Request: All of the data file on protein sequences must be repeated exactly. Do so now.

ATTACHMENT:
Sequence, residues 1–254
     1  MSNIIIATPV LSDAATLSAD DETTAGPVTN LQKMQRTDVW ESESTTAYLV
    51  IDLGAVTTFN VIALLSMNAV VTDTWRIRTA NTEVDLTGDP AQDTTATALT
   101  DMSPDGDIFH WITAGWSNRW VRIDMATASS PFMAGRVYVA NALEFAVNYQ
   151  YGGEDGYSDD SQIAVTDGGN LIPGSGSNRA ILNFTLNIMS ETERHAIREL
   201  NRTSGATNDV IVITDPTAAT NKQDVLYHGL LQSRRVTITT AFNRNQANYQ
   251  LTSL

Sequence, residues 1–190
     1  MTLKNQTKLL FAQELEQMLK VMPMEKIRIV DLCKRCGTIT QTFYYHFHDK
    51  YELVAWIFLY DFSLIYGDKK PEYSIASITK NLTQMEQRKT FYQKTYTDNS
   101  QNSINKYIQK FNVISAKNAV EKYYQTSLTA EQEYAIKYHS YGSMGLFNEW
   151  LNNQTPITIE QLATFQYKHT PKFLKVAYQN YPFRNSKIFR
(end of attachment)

Sequence, residues 1–254
     1  MSNIIIATPV LSDAATLSAD DETTAGPVTN LQKMQRTDVW ESESTTAYLV
    51  IDLGAVTTFN VIALLSMNAV VTDTWRIRTA NTEVDLTGDP AQDTTATALT
   101  DMSPDGDIFH WITAGWSNRW VRIDMATASS PFMAGRVYVA NALEFAVNYQ
   151  YGGEDGYSDD SQIAVTDGGN LIPGSGSNRA ILNFTLNIMS ETERHAIREL
   201  NRTSGATNDV IVITDPTAAT NKQDVLYHGL LQSRRVTITT AFNRNQANYQ
   251  LTSL

Sequence, residues 1–190
     1  MTLKNQTKLL FAQELEQMLK VMPMEKIRIV DLCKRCGTIT QTFYYHFHDK
    51  YELVAWIFLY DFSLIYGDKK PEYSIASITK NLTQMEQRKT FYQKTYTDNS
   101  QNSINKYIQK FNVISAKNAV EKYYQTSLTA EQEYAIKYHS YGSMGLFNEW
   151  LNNQTPITIE QLATFQYKHT PKFLKVAYQN YPFRNSKIFR